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5 Common Relationship Killers

Humans have changed and grown in numerous areas, but one area where we have remained very much the same is in our intimate relationships. We get stuck in routines or on autopilot, forgetting to nurture our relationship or choosing to shove issues under the rug. When you disregard how your partner feels or their opinions, you get stuck in your narrow perspective. Reaching out to your partner for help when you get “tunnel-vision” is crucial, but many of us do not. Too often we have excessive pride, egotism, or insecurity that leads us to lose the love of our life.

There are five common “relationship killers” I see regularly in my office. Being aware of them and intervening early can protect and save your relationship.

1. Trying to read your partner’s mind. We often know our partners so well that we make predictions or assumptions on what they will do or say. This can lead people to jump to conclusions without evidence. Assuming what actions they will take will only lead to resentment, miscommunication, and a lack of trust.

2. Insulting or teasing your partner in an insensitive manner. When you label your partner or tease them about a weakness, resentment begins to boil and will eventually manifest as anger, withdrawal, or stonewalling. When you’re referring to how you feel, use “I” statements and never tease your partner about a weakness in front of others. Just because they stay silent doesn’t mean it doesn’t hurt.

3. Assuming you know how your partner feels. You may think you know how your partner feels because you’ve been with them so long; however, you can’t possibly know what another truly thinks without asking first. Telling your partner how they should feel is insensitive and disrespectful. Instead, be curious and ask your partner how they feel and then actively listen to what they say.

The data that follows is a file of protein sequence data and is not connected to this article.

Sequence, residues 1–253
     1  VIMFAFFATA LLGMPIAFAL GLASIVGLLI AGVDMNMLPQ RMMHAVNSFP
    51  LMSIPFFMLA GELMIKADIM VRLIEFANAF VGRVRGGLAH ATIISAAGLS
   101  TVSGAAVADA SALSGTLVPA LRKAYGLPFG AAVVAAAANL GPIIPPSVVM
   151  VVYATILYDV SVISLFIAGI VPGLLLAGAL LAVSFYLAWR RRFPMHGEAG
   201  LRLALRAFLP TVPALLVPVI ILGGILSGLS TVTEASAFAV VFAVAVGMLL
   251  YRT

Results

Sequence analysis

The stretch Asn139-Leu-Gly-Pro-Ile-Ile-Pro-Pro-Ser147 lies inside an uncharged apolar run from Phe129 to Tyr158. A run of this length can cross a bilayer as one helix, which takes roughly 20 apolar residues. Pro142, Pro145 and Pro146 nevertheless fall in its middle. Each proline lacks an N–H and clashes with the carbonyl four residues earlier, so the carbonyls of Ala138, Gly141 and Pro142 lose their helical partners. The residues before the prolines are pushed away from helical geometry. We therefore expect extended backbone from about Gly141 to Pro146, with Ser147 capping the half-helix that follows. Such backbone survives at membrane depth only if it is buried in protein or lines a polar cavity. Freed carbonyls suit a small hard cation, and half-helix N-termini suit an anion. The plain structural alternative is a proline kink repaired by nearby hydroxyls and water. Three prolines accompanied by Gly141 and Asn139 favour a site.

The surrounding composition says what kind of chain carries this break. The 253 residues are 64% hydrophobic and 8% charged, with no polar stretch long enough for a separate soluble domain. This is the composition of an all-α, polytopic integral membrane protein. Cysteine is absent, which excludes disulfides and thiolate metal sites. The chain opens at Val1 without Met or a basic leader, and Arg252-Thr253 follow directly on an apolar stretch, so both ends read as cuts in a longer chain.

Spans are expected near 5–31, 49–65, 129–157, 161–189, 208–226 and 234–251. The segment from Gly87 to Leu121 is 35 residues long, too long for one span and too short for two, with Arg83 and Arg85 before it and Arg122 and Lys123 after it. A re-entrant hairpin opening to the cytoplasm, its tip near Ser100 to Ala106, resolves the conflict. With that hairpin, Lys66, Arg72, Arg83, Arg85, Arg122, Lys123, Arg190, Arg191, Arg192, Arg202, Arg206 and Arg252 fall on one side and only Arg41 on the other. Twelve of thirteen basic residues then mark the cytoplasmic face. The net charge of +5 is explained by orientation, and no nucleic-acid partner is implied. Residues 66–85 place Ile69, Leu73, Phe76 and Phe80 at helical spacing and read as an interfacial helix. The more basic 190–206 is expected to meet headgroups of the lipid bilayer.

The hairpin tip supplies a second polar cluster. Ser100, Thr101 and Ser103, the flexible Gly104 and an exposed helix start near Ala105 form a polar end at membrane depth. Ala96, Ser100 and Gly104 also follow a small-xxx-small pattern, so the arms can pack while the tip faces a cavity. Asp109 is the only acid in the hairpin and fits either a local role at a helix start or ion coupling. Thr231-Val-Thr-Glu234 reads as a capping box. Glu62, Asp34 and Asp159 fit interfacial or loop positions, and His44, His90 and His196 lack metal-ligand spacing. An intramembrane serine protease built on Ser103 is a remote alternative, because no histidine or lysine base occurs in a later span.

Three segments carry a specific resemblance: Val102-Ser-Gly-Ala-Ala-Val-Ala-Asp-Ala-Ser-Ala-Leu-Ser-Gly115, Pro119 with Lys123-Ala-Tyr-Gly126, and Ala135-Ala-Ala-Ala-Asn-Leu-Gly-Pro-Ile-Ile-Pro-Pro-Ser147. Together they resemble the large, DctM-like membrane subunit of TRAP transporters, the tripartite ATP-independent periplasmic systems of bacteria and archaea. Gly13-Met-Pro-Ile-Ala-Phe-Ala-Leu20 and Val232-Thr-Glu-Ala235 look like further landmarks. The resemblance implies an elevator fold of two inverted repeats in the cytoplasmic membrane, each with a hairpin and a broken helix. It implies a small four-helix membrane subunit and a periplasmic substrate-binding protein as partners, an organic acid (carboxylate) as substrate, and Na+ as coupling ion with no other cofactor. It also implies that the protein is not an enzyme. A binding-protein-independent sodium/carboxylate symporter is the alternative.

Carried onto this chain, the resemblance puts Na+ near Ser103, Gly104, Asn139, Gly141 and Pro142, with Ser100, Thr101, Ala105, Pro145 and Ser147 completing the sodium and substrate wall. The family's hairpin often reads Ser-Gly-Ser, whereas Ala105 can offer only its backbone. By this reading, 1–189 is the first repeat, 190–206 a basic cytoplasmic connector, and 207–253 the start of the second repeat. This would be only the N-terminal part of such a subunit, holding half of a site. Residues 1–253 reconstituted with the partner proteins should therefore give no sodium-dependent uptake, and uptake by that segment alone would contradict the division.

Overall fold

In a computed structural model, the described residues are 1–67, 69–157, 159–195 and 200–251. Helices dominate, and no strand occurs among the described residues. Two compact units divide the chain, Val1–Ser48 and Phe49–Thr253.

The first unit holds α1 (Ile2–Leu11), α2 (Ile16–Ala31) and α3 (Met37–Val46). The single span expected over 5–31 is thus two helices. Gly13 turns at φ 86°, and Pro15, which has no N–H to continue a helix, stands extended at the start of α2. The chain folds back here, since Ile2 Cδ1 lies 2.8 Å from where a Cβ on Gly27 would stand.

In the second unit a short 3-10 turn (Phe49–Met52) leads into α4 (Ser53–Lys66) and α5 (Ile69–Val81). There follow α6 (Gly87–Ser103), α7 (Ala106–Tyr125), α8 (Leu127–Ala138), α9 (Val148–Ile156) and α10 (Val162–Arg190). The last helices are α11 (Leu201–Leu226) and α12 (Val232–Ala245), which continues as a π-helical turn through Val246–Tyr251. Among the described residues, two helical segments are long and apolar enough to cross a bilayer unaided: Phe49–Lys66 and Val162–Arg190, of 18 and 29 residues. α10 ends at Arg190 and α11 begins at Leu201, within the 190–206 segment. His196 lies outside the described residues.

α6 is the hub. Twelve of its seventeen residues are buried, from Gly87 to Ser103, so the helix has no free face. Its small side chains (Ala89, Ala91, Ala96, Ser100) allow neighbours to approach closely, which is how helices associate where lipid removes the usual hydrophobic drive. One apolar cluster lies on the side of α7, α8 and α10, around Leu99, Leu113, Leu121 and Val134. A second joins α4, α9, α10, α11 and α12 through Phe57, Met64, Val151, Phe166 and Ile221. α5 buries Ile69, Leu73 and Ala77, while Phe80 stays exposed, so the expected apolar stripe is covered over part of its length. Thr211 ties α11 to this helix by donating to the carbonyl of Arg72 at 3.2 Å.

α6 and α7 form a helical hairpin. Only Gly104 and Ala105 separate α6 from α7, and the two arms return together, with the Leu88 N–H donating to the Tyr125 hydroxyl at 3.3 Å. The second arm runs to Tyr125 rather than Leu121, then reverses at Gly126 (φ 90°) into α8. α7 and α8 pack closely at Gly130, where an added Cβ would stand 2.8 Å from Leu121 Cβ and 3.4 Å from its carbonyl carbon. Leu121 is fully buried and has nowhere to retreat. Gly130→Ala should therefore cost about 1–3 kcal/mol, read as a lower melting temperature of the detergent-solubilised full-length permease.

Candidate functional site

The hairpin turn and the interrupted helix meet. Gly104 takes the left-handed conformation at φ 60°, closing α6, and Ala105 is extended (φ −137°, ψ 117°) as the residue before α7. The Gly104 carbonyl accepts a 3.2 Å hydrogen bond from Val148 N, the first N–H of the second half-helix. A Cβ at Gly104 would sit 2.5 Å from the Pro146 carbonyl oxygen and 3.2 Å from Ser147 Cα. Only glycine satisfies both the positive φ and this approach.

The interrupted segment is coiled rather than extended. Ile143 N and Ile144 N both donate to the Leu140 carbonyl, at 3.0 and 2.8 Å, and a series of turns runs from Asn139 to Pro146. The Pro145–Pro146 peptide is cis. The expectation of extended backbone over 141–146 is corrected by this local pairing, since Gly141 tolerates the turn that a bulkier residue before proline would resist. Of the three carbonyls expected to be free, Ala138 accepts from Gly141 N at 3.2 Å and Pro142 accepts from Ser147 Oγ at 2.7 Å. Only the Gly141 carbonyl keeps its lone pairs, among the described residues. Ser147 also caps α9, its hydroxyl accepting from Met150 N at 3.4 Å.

4. Tuning your partner out or walking away. When your partner talks with you and you continue to watch your program or look at your phone, you tell them with your actions that you aren’t listening. This makes your partner feel devalued and they withdraw from you. To prevent this, begin a new rule that you will listen with your ears and your eyes. Put phone away, shut off the TV, and tune in to your partner.

5. Acting like your partner’s boss or parent. When you begin parenting your partner, they become your project not your partner. You see this pattern with couples who may have good intentions, like getting their partner to exercise or eat healthier; however, when your partner feels like they’re married to their boss or coach, it forfeits friendship and intimate connection. To avoid this, explain to your partner upfront that you worry about them because you love them and then ask them for their help in planning and committing to a healthier lifestyle. It will be more fun, and your relationship will feel more balanced.

If you see hints of these patterns in your relationship, re-direct your focus onto more acts of consideration, kindness, and generosity. After years of research, they’ve proven to be the stuff happy couples and committed relationships thrive on. Creating a thriving relationship is a wonderful goal for 2021.


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